In the face of this unique landscape, in a « town » where the most is made of each space, Lara Almarcegui hopes to guide her commissioners—and more broadly the public—to become more aware of the context and the landscape in which students, teachers, researchers, personnel and visitors evolve day-to-day. She thus offers to calculate the mass of the material used to construct the entirety of the buildings on campus. This endeavour necessitated the formation of a team composed of commissioners but also students and teachers of others degrees on campus. Artist and students worked jointly with the Direction of Real Estate ressources where Antoine Herzog furnished them with numerous paper or computer sources (blueprints, maps, architecture projects and diverse documents) stored in the archives. This information was completed and verified by measurements taken on site by the students. From this pool of information on the measurements and materials, two students from the Department of Civil Engineering and Sustainable Construction, Yaëlle Epyneau and Noémie Chauvineau, supervised by their teacher Céline Chauvet-Cantagrel and the architect Nicolas Thébault of Anthracite Architecture, established a method of calculation. The difficulty came in defining the limits of the calculations, the choice of predominating material being made, as well as deciding the mass of architecture as oppose to interior decoration. Thanks to this method, the students were able to calculate the mass and, after three months work, the list of materials appeared.

Concrete is the most abundantly used material, at 264,178 tons, followed by brick, mortar, asphalt, steel, plaster, glass and, finally, wood. The calculations included 72 existing buildings, including the prefabricated wooden buildings, the 15 walkways connecting them, the sports terrains, the approximately 10 acres of parking lots as well as the over 12 acres of asphalt roadways. Thus, the campus and its buildings are deconstructed ; a reverse process from that of the architects who conceive of a building. This operation, reminiscent of the action of a child disassembling toys, allows one to understand and to be able to see differently, that which creates an environment. This list of materials makes reference to the campus before its construction and before their use. It marks a stage in the development of the campus which, each year, welcomes new buildings.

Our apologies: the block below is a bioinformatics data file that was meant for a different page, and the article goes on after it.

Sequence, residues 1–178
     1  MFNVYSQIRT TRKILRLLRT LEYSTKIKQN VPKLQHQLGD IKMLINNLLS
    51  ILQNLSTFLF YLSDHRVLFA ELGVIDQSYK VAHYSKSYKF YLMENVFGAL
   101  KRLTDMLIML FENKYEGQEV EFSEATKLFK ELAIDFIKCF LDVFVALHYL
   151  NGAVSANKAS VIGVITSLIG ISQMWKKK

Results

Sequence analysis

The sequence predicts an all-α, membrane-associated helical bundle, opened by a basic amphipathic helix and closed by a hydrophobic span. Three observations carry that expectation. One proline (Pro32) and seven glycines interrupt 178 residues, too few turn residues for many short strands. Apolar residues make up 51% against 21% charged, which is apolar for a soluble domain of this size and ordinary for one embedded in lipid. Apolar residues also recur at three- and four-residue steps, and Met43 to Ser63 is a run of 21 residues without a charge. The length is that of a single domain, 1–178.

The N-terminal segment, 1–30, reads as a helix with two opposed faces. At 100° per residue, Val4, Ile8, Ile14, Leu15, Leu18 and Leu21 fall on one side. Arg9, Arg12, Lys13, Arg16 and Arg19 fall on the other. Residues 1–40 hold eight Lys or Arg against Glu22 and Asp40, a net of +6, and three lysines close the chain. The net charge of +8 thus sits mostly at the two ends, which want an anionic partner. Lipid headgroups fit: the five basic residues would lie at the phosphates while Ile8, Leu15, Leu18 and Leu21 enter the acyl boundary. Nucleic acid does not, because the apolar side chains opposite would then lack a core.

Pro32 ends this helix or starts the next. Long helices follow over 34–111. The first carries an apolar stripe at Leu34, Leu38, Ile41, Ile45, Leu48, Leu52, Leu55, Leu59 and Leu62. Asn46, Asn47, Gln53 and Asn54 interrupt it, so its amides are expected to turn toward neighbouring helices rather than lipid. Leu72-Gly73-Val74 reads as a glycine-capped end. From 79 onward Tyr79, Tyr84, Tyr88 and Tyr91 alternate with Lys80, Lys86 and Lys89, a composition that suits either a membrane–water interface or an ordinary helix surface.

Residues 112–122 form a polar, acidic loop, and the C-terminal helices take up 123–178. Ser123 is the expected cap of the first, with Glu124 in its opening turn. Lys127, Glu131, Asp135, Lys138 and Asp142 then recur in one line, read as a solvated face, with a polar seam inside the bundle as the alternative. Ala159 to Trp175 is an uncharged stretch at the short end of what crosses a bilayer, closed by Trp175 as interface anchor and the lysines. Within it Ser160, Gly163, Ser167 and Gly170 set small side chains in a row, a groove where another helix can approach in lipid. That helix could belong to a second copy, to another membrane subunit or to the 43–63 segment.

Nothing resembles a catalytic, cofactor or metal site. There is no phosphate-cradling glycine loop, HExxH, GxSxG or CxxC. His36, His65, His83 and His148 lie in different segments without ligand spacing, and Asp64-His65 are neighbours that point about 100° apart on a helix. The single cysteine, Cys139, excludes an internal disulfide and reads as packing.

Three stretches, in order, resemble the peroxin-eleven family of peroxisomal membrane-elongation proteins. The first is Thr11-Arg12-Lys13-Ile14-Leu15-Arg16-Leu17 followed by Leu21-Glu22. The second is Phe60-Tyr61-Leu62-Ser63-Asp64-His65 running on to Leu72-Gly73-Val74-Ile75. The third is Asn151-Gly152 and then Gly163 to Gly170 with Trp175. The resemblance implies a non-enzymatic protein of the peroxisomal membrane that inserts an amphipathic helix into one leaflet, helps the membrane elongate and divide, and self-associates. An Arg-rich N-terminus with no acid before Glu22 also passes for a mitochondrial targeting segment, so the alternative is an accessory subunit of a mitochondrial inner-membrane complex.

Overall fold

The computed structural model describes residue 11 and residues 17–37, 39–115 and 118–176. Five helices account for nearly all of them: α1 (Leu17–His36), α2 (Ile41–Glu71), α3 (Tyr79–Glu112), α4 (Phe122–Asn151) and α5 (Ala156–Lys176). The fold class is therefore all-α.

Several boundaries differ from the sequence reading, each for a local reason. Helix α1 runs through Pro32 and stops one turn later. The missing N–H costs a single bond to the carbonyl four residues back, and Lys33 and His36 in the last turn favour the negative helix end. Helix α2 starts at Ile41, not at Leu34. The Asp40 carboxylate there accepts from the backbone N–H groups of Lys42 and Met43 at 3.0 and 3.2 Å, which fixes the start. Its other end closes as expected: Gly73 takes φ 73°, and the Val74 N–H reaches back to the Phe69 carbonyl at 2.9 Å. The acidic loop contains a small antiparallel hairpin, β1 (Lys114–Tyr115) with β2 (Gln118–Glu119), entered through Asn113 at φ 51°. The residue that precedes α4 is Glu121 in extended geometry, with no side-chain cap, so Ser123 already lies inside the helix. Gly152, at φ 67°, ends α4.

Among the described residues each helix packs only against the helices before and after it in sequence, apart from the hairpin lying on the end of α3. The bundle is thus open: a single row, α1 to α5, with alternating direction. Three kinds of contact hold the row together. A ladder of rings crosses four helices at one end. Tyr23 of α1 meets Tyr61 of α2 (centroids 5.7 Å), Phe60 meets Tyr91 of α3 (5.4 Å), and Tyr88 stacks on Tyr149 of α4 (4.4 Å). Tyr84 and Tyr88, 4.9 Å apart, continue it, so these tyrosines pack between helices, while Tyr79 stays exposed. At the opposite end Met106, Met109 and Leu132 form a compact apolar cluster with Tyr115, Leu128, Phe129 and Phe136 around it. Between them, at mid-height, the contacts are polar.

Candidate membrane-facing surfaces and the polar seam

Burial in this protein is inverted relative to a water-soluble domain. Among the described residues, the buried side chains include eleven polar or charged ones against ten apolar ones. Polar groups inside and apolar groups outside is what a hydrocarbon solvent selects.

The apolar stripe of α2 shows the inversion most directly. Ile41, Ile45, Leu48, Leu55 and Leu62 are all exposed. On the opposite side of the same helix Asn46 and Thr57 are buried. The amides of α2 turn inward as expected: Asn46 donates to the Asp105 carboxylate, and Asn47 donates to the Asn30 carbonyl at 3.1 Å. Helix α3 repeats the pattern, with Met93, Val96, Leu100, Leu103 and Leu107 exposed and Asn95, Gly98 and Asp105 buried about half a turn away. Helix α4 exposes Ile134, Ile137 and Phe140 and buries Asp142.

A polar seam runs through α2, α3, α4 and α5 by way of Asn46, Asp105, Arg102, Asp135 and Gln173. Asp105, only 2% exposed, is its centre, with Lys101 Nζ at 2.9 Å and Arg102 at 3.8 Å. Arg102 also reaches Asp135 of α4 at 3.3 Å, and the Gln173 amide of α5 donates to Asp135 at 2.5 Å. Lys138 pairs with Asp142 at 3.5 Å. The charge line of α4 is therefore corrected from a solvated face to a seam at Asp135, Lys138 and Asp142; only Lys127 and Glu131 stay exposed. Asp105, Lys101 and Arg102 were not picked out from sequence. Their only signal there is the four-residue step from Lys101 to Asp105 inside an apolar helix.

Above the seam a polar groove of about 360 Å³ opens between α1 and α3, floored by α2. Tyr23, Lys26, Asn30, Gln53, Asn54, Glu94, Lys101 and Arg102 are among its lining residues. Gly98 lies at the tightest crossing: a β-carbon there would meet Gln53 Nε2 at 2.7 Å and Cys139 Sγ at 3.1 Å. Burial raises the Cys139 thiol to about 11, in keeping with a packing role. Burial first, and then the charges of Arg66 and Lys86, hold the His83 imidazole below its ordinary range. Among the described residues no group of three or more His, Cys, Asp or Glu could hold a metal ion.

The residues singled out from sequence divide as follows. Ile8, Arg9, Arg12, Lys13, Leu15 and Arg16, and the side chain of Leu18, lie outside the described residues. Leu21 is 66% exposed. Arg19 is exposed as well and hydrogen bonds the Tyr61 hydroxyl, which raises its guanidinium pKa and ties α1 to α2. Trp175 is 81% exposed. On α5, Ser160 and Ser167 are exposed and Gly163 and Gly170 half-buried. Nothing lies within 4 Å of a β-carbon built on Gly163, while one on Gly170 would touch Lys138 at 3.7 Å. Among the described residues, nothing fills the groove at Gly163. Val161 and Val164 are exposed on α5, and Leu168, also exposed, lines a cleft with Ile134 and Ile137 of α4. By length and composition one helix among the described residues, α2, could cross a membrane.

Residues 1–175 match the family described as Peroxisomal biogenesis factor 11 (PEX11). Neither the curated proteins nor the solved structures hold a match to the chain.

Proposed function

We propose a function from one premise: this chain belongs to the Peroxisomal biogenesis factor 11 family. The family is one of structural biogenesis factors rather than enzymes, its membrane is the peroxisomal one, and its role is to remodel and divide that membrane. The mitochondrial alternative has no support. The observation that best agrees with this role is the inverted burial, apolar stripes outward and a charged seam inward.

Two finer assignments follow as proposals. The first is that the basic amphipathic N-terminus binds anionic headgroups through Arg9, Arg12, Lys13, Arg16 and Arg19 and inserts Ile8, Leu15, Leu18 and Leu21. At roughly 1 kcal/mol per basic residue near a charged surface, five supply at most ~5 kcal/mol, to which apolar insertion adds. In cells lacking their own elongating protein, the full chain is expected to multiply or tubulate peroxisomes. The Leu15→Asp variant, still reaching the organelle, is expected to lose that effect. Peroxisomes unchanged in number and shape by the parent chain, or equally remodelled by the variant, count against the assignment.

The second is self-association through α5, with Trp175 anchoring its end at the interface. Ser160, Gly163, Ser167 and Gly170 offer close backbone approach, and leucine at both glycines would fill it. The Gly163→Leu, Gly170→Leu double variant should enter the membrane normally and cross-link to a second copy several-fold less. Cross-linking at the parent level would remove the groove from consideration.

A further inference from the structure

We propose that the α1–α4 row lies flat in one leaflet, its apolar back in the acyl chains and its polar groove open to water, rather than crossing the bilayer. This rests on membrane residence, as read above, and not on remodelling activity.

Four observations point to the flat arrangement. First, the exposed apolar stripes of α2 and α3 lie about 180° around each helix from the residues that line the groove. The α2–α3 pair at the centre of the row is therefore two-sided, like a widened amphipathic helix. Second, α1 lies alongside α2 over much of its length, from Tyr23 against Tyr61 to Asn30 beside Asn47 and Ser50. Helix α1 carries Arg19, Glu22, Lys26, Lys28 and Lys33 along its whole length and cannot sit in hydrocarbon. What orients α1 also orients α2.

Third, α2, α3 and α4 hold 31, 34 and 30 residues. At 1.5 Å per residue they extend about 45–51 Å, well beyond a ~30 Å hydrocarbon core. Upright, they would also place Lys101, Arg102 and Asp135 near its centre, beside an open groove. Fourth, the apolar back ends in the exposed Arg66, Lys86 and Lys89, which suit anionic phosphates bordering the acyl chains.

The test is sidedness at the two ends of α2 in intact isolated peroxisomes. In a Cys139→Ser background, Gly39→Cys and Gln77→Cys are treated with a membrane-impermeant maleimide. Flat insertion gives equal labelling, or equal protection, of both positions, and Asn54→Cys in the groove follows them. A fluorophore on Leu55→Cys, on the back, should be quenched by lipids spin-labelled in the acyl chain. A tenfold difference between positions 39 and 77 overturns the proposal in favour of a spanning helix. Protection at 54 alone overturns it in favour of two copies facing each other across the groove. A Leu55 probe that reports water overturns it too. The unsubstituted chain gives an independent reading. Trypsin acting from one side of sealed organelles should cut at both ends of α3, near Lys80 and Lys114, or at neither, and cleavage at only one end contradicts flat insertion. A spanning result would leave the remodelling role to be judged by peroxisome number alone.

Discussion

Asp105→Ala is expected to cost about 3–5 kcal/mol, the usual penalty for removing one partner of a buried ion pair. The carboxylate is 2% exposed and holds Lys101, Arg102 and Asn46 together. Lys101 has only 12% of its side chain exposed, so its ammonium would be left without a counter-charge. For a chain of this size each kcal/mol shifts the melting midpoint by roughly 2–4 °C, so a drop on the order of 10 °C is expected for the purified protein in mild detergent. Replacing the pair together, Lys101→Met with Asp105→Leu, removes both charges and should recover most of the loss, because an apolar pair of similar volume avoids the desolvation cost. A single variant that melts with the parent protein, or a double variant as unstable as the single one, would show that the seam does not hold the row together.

Lara Almarcegui’s project evokes the life of a building and a territory that is proven to be a permanent cycle, while at the same time knowing that when one building is demolished to make room for another, the materials are crushed and sorted, then brought back to their initial mass in order to be recycled. In the form of letters and numbers, this list becomes an abstraction of the campus permitting the creation of other images. On one of the buildings, 32A, placed along a roadside, this work establishes a connection between the campus and the town. Following in the line of works of other calculations of buildings, neighborhoods or towns the artist has done (**), while all the while being the first work to take place in a public space, CONSTRUCTION MATERIALS, BEAULIEU CAMPUS, RENNES becomes an emblematic indicator of 1960-70’s style, which makes up one of the architectural identities of Rennes.

(*) AMOUROUX,Dominique, Louis Arretche, Gollion : Infolio, Paris : Éditions du patrimoine, coll. Carnets d’architectes, 2010.
(**) As with the Villa Haus Lange by Mies van der Rohe (Germany), the spanish pavillion of the Biennial of Venice (Italy), the historical centers of Burgos (Spain), of Dijon (France) and of Lund (Sweden) as well as the entirety of the town of São Paulo (Brazil).